PM warns he could override part of Brexit deal on Northern Ireland

3 February 2021, 21:02 | Updated: 3 February 2021, 21:03

Boris Johnson suggested to MPs he would be willing to override parts of the Withdrawal Agreement
Boris Johnson suggested to MPs he would be willing to override parts of the Withdrawal Agreement. Picture: PA
Nick Hardinges

By Nick Hardinges

Boris Johnson has warned he is willing to override parts of the Brexit deal relating to Northern Ireland to prevent a trade barrier developing in the Irish Sea.

With European Commission Vice-President Maroš Šefčovič set to travel to the UK next week, the UK Prime Minister has alerted the European Union of his readiness to ride roughshod over elements of the divorce settlement.

Mr Šefčovič will visit Britain for talks aimed at softening the ongoing row over Northern Ireland between London and Brussels.

Fears are growing on both sides that sections of the Withdrawal Agreement - designed to keep open the land border with the Republic - are impeding trade between Northern Ireland and the rest of the UK.

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Last week, those concerns were crystallised when the EU briefly implemented Article 16 of the Northern Ireland Protocol.

The move from the commission saw the border temporarily closed to exports of the Covid-19 vaccine from the Republic of Ireland.

During Prime Minister's Questions on Wednesday, Mr Johnson suggested he would respond in the same manner if no resolution is found to the issue of goods flowing from Great Britain to Northern Ireland.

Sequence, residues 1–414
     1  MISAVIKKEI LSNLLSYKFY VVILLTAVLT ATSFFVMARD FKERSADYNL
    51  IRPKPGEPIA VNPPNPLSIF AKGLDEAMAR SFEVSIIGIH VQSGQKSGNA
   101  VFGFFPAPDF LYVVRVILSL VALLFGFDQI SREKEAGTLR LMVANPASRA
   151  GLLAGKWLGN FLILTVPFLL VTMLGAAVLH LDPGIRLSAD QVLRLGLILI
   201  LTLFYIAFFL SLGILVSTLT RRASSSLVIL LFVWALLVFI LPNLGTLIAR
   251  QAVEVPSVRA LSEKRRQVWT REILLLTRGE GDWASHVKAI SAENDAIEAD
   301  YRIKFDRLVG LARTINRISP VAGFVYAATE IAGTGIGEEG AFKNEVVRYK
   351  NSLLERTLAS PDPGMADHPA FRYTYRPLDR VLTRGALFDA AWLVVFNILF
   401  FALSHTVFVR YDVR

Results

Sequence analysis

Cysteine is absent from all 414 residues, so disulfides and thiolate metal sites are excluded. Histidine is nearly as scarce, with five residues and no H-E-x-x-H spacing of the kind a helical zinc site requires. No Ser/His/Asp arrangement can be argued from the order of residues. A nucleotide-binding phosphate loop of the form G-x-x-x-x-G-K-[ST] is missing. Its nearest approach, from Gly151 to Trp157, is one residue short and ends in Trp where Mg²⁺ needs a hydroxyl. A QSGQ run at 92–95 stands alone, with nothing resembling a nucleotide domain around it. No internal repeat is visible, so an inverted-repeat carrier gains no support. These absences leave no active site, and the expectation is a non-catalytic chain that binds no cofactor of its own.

"We will do everything we need to do, whether legislatively or indeed by triggering Article 16 of the protocol, to ensure that there is no barrier down the Irish Sea," he told MPs.

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Later, Mr Šefčovič and Cabinet Office Minister Michael Gove held a 30-minute virtual meeting with Northern Ireland's First Minister Arlene Foster and Deputy First Minister Michelle O'Neill to discuss the situation.

Following the talks, the commission vice president said he believed the problems could be raised if all aspects of the Northern Ireland Protocol were implemented.

"I really think if all that flexibilities we put on the table and into the protocol would be used to the maximum that all of the issues that we're discussing today would be really resolved," he told RTE News.

"We should really study how things would look like if the UK would really use and put in practice the flexibilities we agreed upon on 17 December."